Squirms of Endearment
By Michael O'Sullivan
Washington Post Staff Writer
Friday, July 21, 2000
There's something about Mike White's face soft, unformed and lightly freckled,
with eely lips that squirm like a worm on a hook, and affectless, staring
eyes whose nearly invisible, strawberry-blond lashes give him him a vaguely
alien look that's hard to turn away from. And yet you will want to.
Mike White, Chris Weitz in "Chuck & Buck."
White plays one half the title duo of "Chuck & Buck," a provocative and
uncomfortable comedy (and I use the word very loosely) from director Miguel
("Star Maps") Arteta about a 27-year-old man with the personality of an
11-year-old. White, who also wrote the disturbing and funny (in a slowly
insinuating way) script, plays Buck O'Brien, a lollipop-sucking man-child who
still lives with his mom in northern California and sleeps with a vaporizer
in a room filled with toys. After his mother dies suddenly, Buck writes to
his childhood friend Chuck Sitter (Chris Weitz), inviting him back home for
When the slick and worldly Chuck now known as Charlie and living with his
fiancee Carlyn (Beth Colt) in Los Angeles, where he works in the recording
industry shows up, only an inkling of Buck's attachment to his old school
chum can be felt, although it's obvious that there's a physical component, at
least on Buck's part. Acting on a casual, but probably sincere, invitation
from Carlyn to come out to L.A. and visit sometime, Buck drops everything,
takes his inheritance, vaporizer and a carload of plastic gewgaws and follows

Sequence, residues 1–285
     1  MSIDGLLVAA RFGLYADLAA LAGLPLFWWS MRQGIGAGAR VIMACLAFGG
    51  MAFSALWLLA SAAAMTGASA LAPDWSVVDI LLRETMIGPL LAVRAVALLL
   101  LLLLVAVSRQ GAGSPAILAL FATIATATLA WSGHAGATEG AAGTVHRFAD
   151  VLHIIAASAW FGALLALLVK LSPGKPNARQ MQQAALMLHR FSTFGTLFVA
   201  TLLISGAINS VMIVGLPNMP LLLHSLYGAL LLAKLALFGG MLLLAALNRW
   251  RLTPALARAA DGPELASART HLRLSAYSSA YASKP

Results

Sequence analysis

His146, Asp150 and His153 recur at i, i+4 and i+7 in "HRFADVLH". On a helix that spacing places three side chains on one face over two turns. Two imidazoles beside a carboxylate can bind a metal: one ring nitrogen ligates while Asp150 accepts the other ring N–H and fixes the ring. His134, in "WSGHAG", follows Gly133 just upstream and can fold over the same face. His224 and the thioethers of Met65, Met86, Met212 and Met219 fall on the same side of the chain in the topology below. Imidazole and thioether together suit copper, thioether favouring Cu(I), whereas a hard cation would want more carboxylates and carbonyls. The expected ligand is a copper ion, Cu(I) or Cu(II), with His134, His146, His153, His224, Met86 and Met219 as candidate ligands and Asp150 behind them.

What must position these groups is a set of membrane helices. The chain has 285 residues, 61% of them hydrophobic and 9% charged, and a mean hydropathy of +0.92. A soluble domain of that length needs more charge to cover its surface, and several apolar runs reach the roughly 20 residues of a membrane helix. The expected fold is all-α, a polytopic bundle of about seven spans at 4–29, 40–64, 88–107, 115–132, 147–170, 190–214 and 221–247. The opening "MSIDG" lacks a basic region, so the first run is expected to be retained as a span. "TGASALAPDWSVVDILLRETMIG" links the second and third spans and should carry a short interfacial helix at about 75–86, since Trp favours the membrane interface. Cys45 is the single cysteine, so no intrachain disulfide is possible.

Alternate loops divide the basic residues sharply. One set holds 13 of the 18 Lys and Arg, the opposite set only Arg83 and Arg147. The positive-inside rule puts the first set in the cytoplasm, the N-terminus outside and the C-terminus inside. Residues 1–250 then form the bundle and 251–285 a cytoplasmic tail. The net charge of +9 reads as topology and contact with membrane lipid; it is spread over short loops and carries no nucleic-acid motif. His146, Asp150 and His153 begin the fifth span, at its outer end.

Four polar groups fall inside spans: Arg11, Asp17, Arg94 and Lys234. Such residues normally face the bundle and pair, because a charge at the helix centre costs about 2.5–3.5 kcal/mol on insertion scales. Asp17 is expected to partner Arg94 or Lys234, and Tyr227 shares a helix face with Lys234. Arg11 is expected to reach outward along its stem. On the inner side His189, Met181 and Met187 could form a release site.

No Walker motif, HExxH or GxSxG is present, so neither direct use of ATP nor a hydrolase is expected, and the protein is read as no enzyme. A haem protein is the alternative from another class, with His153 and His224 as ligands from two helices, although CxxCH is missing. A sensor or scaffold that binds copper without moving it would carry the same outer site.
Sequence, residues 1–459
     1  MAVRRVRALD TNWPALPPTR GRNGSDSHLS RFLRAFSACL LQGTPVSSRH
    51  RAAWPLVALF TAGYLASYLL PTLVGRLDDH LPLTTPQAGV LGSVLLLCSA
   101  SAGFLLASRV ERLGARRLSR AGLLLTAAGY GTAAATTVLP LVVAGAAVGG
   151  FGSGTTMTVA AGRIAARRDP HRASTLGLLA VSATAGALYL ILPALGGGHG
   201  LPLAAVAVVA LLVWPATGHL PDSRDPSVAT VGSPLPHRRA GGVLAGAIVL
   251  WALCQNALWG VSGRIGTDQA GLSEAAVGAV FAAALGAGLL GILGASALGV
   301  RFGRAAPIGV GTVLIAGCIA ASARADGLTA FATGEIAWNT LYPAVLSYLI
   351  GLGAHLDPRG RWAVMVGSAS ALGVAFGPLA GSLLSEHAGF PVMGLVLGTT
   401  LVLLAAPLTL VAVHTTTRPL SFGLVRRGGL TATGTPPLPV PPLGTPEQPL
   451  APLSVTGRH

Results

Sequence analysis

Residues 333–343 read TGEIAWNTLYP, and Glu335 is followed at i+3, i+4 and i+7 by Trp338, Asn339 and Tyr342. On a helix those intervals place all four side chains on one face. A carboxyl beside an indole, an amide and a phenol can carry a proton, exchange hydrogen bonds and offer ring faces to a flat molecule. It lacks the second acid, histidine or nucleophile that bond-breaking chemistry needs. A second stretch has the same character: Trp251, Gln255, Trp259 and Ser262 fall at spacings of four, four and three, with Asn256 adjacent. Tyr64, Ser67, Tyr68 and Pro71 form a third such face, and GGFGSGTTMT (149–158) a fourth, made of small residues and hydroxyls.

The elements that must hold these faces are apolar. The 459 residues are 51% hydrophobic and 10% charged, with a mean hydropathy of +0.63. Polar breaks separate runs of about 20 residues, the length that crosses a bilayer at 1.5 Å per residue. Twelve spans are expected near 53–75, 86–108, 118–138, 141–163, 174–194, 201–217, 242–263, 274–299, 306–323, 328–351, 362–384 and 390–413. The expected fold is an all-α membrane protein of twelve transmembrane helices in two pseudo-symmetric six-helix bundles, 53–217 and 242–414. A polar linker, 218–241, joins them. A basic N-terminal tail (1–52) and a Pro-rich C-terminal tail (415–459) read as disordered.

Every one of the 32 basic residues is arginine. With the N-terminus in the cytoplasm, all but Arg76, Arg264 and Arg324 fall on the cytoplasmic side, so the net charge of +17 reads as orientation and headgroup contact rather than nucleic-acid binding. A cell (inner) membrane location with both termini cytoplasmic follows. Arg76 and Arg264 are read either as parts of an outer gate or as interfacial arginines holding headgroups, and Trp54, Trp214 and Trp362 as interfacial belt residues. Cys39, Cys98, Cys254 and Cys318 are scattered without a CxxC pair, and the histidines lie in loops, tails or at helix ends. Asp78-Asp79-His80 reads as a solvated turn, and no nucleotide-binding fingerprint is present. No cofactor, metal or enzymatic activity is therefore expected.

Charlie south. Once there, however, the full, queasy nature of Buck's
fixation manifests itself. His single-minded pursuit of his onetime playmate
becomes more sinister as he makes himself more and more of a nuisance, renting a theater across the
street from his love object's office to stage an allegorical play he's
written called "Hank & Frank."
Why no one ever calls the police on Buck is the real stumper here, but it's
a testament to White's carefully shaded portrayal, which skirts stalker
cliches and grown-up-kid-in-a-man's-body caricatures. What is he?
Part geek, part loser, part dweeb. Is he retarded, autistic, crazy,
painfully shy? I found myself looking for new classifications to describe
this awkward monster although the word "inappropriate" kept coming to mind in
everything he did.
Although he'll probably give many viewers the heebie-jeebies, everyone he
comes into contact "with on screen takes him at face value, which gently
leads us to do the same. Beverly the theater manager (the wonderful Lupe
Ontiveros) treats him like sweet, damaged goods and Sam (Paul Weitz), the
talentless and swaggering actor Buck casts in his play, befriends him in a
way that is almost tender, despite the bizarrely mismatched components.
Special note should be made of the well-chosen music in "Chuck & Buck,"
composed and supervised by Joey Waronker, Tony Maxwell and Smokey Hormel and
including in a brilliant touch the Modern Lovers' 1976 ode to obsessive
yearning, "Astral Plane."
"Chuck & Buck" is no tale of unrequited love exactly, although it has some
of that in its genetic code. On one level, it's a dark fable of personal
growth (minus the formulaic, third-act resolution) but it's also a clash of
wills between two stubborn people, the stronger of whom may ultimately
CHUCK & BUCK (R, 97 minutes) Contains obscenity, sexual liaisons and an accident involving fireworks.